A major highlight of the trip was my trek to Goa Gajah, a temple complex a little ways outside Ubud. This temple is home to some 9th-century Hindu caves, some totally awesome ceremonial baths, and also has a Buddhist temple on the premises. The syncretism present in the temple is astounding, with Buddhist and Hindu iconography blending seamlessly together, and worshipers paying their respects at each site with equal reverence. It's also a tourist hotspot, and just a tip: they will give you the required sarong for visiting the temple inside the gates. You don't have to ride up all sweaty on your bicycle, realize this is the first time in a year you've gone anywhere without a giant wrap, and then panic-buy a sarong from an all-too convincing vendor. Not that I did that. I'm just saying.

Goa Gaja's "Elephant Caves" entrance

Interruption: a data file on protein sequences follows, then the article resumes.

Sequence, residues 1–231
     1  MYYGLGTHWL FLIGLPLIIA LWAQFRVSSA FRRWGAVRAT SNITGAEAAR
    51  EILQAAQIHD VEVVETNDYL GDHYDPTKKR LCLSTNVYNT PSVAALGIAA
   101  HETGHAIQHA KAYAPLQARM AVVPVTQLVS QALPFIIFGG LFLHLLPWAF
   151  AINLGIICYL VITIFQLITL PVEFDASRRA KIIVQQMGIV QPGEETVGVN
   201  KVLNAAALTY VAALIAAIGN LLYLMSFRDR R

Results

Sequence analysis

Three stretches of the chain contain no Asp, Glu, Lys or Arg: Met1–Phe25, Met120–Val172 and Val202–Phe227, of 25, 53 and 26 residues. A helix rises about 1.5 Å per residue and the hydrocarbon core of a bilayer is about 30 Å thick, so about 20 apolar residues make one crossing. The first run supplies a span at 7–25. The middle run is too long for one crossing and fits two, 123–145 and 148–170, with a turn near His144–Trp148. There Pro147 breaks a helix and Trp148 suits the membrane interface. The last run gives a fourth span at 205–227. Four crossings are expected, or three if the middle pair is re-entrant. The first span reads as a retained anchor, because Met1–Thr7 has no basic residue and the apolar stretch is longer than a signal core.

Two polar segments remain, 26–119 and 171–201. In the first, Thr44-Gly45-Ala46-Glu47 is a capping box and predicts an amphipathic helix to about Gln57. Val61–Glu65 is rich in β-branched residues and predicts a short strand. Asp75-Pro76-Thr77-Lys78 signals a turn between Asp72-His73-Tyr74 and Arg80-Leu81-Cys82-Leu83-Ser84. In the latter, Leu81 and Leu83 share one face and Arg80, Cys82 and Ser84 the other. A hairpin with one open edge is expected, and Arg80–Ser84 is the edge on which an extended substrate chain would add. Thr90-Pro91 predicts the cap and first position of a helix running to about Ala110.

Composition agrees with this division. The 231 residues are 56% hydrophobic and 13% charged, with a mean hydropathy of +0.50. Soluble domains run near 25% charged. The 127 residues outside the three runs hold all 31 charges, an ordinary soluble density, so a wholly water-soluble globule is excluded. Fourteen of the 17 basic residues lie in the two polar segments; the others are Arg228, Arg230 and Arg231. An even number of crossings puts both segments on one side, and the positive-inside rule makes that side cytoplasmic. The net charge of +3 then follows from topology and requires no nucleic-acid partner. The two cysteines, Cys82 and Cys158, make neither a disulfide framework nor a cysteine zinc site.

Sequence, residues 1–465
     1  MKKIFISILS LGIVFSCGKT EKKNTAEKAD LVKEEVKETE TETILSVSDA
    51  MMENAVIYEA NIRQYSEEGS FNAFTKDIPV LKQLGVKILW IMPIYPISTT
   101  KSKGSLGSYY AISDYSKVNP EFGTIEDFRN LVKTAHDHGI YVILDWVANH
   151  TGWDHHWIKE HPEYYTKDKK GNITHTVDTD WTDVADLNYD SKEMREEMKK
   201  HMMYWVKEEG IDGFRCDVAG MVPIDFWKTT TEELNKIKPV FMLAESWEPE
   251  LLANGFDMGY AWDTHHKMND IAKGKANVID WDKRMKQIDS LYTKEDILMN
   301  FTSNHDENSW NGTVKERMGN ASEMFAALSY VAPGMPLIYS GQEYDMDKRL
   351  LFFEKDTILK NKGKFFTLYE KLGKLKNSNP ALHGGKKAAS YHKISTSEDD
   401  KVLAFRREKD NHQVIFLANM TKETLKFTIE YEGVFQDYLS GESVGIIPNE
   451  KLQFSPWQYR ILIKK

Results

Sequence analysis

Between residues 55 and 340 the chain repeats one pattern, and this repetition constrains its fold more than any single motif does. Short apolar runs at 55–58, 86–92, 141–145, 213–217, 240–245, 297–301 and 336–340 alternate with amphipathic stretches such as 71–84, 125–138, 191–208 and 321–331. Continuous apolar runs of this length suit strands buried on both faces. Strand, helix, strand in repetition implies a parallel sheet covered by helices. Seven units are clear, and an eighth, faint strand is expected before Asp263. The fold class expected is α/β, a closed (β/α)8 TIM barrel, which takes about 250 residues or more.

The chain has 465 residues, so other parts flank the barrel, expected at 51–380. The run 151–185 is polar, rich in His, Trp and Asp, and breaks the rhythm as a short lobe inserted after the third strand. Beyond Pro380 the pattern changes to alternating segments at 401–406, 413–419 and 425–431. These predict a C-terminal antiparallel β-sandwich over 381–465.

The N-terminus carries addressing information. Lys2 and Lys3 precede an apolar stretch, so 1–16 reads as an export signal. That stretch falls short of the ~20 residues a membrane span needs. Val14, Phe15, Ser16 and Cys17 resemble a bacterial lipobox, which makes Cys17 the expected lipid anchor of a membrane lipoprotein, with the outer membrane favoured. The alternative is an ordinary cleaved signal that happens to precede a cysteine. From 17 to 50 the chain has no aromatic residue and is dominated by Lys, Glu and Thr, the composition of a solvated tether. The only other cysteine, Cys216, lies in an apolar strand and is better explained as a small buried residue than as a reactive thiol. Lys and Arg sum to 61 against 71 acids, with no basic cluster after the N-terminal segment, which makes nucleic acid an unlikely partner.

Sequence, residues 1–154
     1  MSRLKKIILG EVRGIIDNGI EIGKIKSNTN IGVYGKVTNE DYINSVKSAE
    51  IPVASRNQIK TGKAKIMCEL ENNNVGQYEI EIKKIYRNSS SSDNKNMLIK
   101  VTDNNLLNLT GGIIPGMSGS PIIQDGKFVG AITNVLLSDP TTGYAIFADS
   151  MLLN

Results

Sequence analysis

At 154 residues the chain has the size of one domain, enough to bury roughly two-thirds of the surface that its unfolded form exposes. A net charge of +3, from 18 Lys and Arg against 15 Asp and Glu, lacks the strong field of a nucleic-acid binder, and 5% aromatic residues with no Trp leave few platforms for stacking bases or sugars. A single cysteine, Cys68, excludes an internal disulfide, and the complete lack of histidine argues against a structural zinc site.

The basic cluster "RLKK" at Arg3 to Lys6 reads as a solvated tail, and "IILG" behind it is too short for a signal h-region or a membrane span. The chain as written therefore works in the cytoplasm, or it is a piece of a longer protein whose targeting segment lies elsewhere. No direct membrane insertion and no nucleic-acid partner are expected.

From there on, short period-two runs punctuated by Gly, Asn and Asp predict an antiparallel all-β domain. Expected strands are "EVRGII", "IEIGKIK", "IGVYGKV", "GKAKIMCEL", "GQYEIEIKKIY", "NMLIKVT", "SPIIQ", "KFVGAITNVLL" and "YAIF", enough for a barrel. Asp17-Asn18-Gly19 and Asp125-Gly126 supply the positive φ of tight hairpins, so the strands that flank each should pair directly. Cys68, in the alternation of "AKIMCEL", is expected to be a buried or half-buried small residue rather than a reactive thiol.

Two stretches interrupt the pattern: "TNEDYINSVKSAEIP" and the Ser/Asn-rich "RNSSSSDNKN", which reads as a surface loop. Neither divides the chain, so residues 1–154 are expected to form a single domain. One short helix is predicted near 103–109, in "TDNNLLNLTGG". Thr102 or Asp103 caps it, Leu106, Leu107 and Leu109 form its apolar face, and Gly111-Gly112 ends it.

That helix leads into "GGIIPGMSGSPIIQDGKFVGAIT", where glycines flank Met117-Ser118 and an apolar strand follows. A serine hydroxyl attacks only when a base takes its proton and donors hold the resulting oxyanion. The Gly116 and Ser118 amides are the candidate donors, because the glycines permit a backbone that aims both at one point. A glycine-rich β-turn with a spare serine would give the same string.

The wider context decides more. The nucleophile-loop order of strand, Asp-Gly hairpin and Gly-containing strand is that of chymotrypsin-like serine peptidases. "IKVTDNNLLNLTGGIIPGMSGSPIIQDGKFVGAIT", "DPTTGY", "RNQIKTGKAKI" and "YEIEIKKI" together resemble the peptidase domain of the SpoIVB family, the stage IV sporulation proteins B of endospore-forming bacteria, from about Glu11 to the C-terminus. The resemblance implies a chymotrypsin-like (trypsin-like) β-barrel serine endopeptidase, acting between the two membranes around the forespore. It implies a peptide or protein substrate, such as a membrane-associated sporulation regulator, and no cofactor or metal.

I also had the immense pleasure to attend a Kecak and Fire dance while in Ubud, which was a fascinating experience to say the least. Kecak is a kind of Balinese dance/performance art that is performed by a cast and chorus, usually to tell parts of the Ramayana, a Hindu epic poem. It's breathtaking, with about a million candles and a cantor and a chorus of men shouting "kecak, kecak" it's impossible not to get caught up in the moment and movement. What's interesting for me about the Kecak, however, is the fact that the form it exists in today is almost completely different from what was first encountered by Westerners in the early 1900s. It has been adapted, reproduced, and redistributed so many times over that it only exists now as a form of entertainment for tourists, no longer holding any of the power that it did in its first iterations. The fire dance, however, still maintains some of its spiritual components, as it requires the dancer to enter a hypnotic trance before he begins to dance the hot coals. It is performed almost always in combination with a Kecak.